ArthurEdens wrote: It's largely political.

+1 Short and concise.

I think the person who talked about equalizing the field to boost applicants numbers to a certain level has some merit. In general it seems to me that the law schools understand that there are some fundamental problems with the lsat since minorities tend to be disparately affected by the test which is demonstrated by the lower median scores in general. I believe they compensate for these reasons. However, it seems to me that if the goal is to help under represented minorities hispanic would or should recieve a comparable boost because they are in fact under represented. If we really wanted to throw a wrench in to this debate; how do people feel this would translate in to the job market? As urms many of us know we are sought after for diversity purposes but do employers prefer AA out of all urms? If so it would seem to me that it is just a systematic process where people have associated AA with diversity and therefore the more they have the more diverse they seem.

I think it will change in the next 20 years or so when there will be a lot more discussion about Latinos in the U.S. and people will come to recognize that Hispanics (along with other groups) = diversity. They will see how great the Mexican American population is in the U.S. and come to wonder why so little are this profession; unless we get scapegoated for something to a new degree than already exists.



(Edited to add quotes)

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Lawquacious
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Re: Why do AAs receive higher boosts than Mex.Am.?

Postby Lawquacious » Mon Jul 26, 2010 3:45 am

Horchata wrote: So, essentially, according to your argument, it only really matters what the law schools feels is good enough for whomever (<--not sure if this right) they are trying to please.



Well, the argument is that there may be a necessary disparity in the boost of each particular URM group gets in order to achieve the same end result for each group.

For clarification, a bigger numerical boost for one URM group (x) when compared to another URM group (y) wouldn't necessarily mean a larger overall admissions boost for (x), because (x) may need a larger numbers boost to have the same increased level of admissions competitiveness as (y) on the group level. This applies only at a group level, rather than at the individual level, which is why I think it could be confusing. Individual applicants within (x) WOULD have an advantage over applicants in (y) group in this regard, but this individual advantage would be required to bring about the overall desired normalization sought for these two groups (so at the group level they would have the same amount of relative advantage or representation). This would occur in the same way that more generally URMs as individuals are given advantage over non-URMs in order to achieve a normalization effect (wherein individual URM applicants have an advantage over non-URM applicants in terms of LSAT and GPA, but this is what actually brings about the normalization at the group level).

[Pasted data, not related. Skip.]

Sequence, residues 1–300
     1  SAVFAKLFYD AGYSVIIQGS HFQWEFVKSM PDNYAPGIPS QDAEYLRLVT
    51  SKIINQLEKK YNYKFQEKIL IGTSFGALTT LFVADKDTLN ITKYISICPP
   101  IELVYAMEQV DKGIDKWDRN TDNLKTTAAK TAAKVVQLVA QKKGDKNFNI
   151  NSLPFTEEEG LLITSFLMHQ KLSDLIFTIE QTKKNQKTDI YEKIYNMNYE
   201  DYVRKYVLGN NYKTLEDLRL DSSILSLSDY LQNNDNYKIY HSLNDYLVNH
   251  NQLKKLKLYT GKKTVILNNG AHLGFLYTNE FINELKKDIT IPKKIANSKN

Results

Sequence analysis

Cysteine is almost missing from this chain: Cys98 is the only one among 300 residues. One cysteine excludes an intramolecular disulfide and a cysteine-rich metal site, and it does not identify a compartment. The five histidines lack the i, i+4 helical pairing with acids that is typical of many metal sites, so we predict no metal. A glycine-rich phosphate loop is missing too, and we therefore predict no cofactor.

I have an assumption that the aimed for normalization rates of the various URM groups is similar for each URM group (in terms of sought after ratio equivalency of overall population of that group vs. law school population of that group), and that this target is somehow integrated across law schools. If it was entirely a matter of law school preference I suspect that some of the schools could ignore the legal mandates of affirmative action. So I think there must be a certain degree of mandated statistical verification of compliance that transcends individual law school (adcomm) whims.

Whether the system actually works this way or not is in question to me, though hypothetically I think it could explain your initial question (assuming the basic facts you conveyed about the numerical disparity are accurate). Also, whether the system as it exists currently is fair (in terms of either accomplishing accurate normalization and/or in terms of being a desirable overall approach) remains in question to me. I do think that social initiatives to improve equality are generally valuable though.
Last edited by Lawquacious on Mon Jul 26, 2010 4:08 am, edited 1 time in total.

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Re: Why do AAs receive higher boosts than Mex.Am.?

Postby Horchata » Mon Jul 26, 2010 4:07 am

Lawquacious wrote:
Horchata wrote: So, essentially, according to your argument, it only really matters what the law schools feels is good enough for whomever (<--not sure if this right) they are trying to please.



Well, the argument is that there may be a necessary disparity in the boost of each particular URM group gets in order to achieve the same end result for each group.

For clarification, a bigger numerical boost for one URM group (x) when compared to another URM group (y) wouldn't necessarily mean a larger overall admissions boost for (x), because (x) may need a larger numbers boost to have the same increased level of admissions competitiveness as (y) on the group level. This applies only at a group level, rather than at the individual level, which is why I think it could be confusing. Individual applicants within (x) WOULD have an advantage over applicants in (y) group in this regard, but this individual advantage would be required to bring about the overall desired normalization sought for these two groups (so at the group level they would have the same amount of relative advantage or representation). This would occur in the same way that URMs as a total group are given advantage over non-URM applicants in order to achieve a normalization effect at a group level.